Uniswap trade effect analysis from a Trader perspective.

There are some differences between a traditional order book and a bonding curve. In the case of a traditional order book, when a market order reaches the engine, it is paired with resting limit orders, executing the trade. Bonding curves work following a mathematical equation that itself depends on the latest state of the liquidity pool.

Arbitrages and Multi-hops

There could be the case that one asset is traded in multiple liquidity pools, and even in multiple exchanges. If there is some discrepancy between two pools which identical pair is A/B, an arbitrage trade would be buying in the one which price is lower and selling the bought quantity in the one which price is higher, or vice versa. This could be generalized to multiple liquidity pools with some overall discrepancy, and arbitrage trades could be performed, but this time it would be called multi-hop.

Multihop arbitrage between a Sushiswap pool and two Uniswap pools

These kinds of transactions are tricky to parse, mainly because you will have to answer some questions in order to get some meaning. Should I take into account every swap? Should I only process the given asset and the received one? Which exchange should be associated with this trade? And many more…

OHLCV data

This type of data is named by the initials of Open, High, Low, Close and Volume. This format is based on time, reason of the Opentime (and Closetime) columns, that are usually in the dataset, giving context. The columns of the data can also contain more information about what happened in the chosen timeframe. Usually, this information is used to perform some operations, generating new features or indicators. If columns are dissected, Open means the price at which the asset was lastly traded at Opentime, while Close means the price at which the asset was lastly traded at Closetime. High and Low are, respectively, the highest and lowest price that the asset was traded for in the interval between Opentime and Closetime. Lastly, Volume is the quantity of the asset that was traded in the mentioned interval.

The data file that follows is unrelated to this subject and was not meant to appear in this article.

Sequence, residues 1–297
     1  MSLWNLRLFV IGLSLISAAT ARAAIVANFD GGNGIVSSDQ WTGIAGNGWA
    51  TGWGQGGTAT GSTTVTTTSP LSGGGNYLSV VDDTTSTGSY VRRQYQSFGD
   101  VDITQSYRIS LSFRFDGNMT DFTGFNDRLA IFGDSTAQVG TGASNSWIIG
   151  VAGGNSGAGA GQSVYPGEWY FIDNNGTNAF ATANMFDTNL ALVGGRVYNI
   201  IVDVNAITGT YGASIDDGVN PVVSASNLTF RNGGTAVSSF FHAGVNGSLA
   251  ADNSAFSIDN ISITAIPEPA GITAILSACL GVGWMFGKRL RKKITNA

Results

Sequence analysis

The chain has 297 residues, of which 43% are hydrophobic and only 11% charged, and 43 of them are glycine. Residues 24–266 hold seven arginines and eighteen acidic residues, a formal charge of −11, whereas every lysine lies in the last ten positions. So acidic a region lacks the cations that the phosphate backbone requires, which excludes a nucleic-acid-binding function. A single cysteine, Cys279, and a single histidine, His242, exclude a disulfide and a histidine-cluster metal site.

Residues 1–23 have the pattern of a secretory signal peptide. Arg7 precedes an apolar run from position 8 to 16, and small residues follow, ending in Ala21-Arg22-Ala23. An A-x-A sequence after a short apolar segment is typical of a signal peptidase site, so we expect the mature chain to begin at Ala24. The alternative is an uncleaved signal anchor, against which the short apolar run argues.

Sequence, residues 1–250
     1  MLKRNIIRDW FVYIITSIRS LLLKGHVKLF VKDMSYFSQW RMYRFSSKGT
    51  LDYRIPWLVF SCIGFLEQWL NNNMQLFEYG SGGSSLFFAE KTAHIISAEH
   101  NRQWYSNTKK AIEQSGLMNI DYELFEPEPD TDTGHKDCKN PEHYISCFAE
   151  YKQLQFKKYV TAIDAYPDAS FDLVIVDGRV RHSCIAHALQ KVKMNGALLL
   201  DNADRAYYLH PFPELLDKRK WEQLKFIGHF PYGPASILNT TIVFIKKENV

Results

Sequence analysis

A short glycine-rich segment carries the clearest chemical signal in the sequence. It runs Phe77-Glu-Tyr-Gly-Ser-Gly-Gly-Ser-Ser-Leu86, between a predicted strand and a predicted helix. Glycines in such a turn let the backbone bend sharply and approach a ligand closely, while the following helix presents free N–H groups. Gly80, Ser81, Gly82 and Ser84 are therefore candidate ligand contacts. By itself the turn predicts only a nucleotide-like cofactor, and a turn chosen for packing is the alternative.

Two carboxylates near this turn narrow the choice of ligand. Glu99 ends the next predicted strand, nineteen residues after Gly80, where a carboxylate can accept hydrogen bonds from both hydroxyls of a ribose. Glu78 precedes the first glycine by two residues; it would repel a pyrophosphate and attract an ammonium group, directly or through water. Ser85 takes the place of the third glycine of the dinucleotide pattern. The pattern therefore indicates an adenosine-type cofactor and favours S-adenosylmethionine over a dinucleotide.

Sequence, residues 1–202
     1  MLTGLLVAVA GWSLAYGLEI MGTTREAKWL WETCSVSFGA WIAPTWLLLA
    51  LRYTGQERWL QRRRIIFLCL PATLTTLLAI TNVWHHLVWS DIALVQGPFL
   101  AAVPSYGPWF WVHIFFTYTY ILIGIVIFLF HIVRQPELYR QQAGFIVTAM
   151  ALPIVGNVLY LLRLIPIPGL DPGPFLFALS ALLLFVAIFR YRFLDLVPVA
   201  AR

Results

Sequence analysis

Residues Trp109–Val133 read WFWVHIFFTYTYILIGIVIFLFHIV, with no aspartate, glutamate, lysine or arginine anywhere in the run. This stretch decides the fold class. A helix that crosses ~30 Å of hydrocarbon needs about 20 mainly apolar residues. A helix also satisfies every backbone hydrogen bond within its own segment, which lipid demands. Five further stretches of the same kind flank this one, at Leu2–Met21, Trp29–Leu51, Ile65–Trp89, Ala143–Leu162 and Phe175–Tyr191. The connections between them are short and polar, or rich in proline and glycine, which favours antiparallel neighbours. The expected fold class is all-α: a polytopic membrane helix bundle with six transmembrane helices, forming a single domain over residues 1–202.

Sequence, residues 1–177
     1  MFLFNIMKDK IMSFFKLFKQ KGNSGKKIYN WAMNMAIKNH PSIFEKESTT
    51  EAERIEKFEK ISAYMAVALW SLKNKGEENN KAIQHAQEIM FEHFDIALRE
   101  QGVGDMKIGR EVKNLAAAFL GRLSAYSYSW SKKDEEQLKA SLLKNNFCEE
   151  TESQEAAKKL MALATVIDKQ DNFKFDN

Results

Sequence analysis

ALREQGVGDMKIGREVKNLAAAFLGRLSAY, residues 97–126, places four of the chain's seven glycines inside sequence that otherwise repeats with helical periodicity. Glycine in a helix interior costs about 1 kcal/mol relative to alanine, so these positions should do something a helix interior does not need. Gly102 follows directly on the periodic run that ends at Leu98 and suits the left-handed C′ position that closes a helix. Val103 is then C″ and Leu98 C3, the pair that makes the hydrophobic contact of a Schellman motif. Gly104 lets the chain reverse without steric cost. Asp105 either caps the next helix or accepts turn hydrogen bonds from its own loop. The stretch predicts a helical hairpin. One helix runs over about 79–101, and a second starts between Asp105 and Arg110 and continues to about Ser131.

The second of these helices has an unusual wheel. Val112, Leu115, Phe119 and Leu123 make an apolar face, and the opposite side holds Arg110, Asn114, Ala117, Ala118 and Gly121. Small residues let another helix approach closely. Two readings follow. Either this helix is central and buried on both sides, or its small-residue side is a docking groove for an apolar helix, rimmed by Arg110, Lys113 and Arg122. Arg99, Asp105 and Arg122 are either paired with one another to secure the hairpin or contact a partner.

Tradingview candlestick OHLCV view.

The candlestick format is the most common form of price visualization in specialized software nowadays, but it wasn’t always the case. Candlestick charts were developed in the 18th century in Japan by a rice trader called Munehisa Homma. In the western world, they weren’t used until 1991, with the arrival of a book by Steve Nison called “Japanese Candlestick Charting Techniques”. The body of the candle indicates Open and Close levels, while the shadow (little vertical line) of each candle indicates High and Low levels.

There is a plethora of options when it comes to data visualization. Candlestick charts aren’t the only option, just the most common one, along with bar charts (Both give the literal same type of information). This two methods can be built from the OHLCV data, but this isn’t the only valid formula for studying the markets. Depending on the data that one finds valuable for its analysis, the visualization methods will vary.

Conclusion

We’ve covered how order books work, analysed their internal structure and the main types of orders that act in the process of discovering price. As blockchains have implemented decentralized exchanges, an overview of bonding curves and how their formula generates a dynamic deterministic pricing for the assets is also covered.

When studying transactions in the Ethereum blockchain, some of them are broadcasted to the network in order to trade assets. Assets are usually represented by smart contracts, and swapped using decentralized exchanges. If looking enough, one will find some cases of multi-hop swaps. It’s the case of any transaction that perform multiple swaps in different liquidity pools, as it was shown with the image of a multi-hop swap regarding Sushiswap and Uniswap. Sometimes, swaps are broadcasted with the intention of performing some arbitrage trades, and there is a lot to talk about them that may be covered in other article.

Trades data is one of the purest pieces of information about prices, as it could be used as base when calculating OHLCV data. When this last kind of data is available, one could easily generate a candlestick or a bar chart, as well as any other of their variations. Nonetheless, it doesn’t show all the possible information about prices, and some specialized agents could prefer other types of data visualization.

By Alfonso Camblor García